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 Knowledge for the CommonWealth

Swine Industry News And Notes

Livestock Update, June 1998

C. M. Wood, Animal & Poultry Sciences, Virginia Tech


The question has come up about calculating the Fat Free Lean Index from information on the kill sheets. The following equations can be used to calculate the index. Choose the one that matches the information (Fat-O-Meater or ruler) on the kill sheet. You'll also need the hot carcass weight.

Fat-O-Meater measurement between 3rd and 4th from last rib (10th rib), 7 cm off midline:

FFLI = 51.367 + (0.035*Hot Carc. Wt.) - (12.26*Fat-O-Meater Backfat Depth)

Ruler measurement, last rib at the carcass split:

FFLI = 50.767 + (0.035*Hot Carc. Wt.) - (8.979*Ruler Backfat Depth)


NPPC is pushing for all major packers to begin requiring Level III PQA of all producers in order to sell hogs. Over the years, the certification process has become more and more streamlined, and can be accomplished in a workshop setting. If you are interested in setting up such a workshop for producers in your area, and would like me or Allen Harper to help certify producers, please get in touch. Both of us have served as verifiers in the past, and have found the management information contained in the PQA booklet to be very helpful to producers.


Should I buy all my genetics, or raise my own?
This decision has become much like deciding whether to mix your own feed, or buy it from someone else. Several factors need to be considered when deciding whether to raise your own replacement animals (boars or gilts): how much time you want to devote to this aspect of the enterprise, how comfortable you are with genetic principles, and how much money you want to invest in labor and equipment. At a minimum, in today's market, you'll need a scale, a backfat probe, and a spreadsheet program, as well as a good source of outside boars, at the least. An accurate set of records from birth to culling is also a must.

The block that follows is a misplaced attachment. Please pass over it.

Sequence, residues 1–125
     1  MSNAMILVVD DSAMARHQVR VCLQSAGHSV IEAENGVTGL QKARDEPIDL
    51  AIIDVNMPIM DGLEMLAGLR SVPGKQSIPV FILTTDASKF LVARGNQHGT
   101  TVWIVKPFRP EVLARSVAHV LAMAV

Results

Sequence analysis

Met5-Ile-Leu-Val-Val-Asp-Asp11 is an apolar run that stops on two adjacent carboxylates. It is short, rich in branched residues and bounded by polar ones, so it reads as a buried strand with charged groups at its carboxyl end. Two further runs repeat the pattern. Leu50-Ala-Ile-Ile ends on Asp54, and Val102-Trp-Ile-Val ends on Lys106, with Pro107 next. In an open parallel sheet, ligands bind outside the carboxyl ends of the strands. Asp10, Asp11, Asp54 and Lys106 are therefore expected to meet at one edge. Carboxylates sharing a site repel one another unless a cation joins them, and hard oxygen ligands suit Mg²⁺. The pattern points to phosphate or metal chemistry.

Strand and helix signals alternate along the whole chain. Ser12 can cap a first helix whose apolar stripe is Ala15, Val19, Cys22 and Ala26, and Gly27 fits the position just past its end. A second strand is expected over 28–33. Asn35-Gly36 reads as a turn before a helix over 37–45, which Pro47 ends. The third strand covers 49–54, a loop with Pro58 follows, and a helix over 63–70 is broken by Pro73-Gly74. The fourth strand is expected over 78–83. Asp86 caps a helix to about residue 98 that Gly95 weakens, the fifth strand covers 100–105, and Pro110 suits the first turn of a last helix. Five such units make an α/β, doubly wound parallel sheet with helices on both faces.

Advantages to buying your genetics include less work on the farm and the opportunity to make faster genetic changes. Disadvantages include the risk of disease, and more money invested in breeding stock: good genetics cost more, and you're paying someone else for their time and expertise.

I've been raising my own gilts, and think it's safer disease-wise. How can I keep track of their genetics?
You will need an identification system that can track pedigree information. If you don't know anything about the genetics of the sires and dams, then you can't track genetics. You will also need to decide which traits are most important for you, and come up with a reasonable method for measuring the performance of your animals for those traits. For example, if litter size and backfat are the most important, then you will need to record number of pigs born alive in each litter, then record weight and backfat on market hogs. The NSIF Guidelines, available from NPPC, contains detailed recommendations for on-farm genetic programs. Also, we keep track of genetics at the Virginia Tech Swine Center with a fairly simple system. Please get in touch if you would like more information.

If I'm going to buy my gilts to take advantage of better genetics, how do I make sure I don't have a disease outbreak?
Biosecurity remains very important in the swine industry. The first step is to check out the disease profile of the herd from which your new gilts are coming and make sure it is not too different from yours. Lower than yours, and you run the risk of introducing a new disease to your herd. Too much higher than yours, and the new gilts may have difficulty adjusting. Second, make sure you have an isolation facility AT LEAST 300 yards away from your pigs. The farther away, the better. Always check the new animals last, and never backtrack. If you wear the same footgear, consider disposable boots, and disinfect the footwear before going back to the farm. Blood test the new animals, twice preferably, and keep them in isolation at least 30 days. Expose them to your bugs by turning in cull animals, or by mixing some manure into their feed. A further adjustment period once the new animals have been into the herd can be helpful as well. All of this means planning well ahead in deciding to purchase animals.

If I decide to raise my own gilts, what kind should I raise?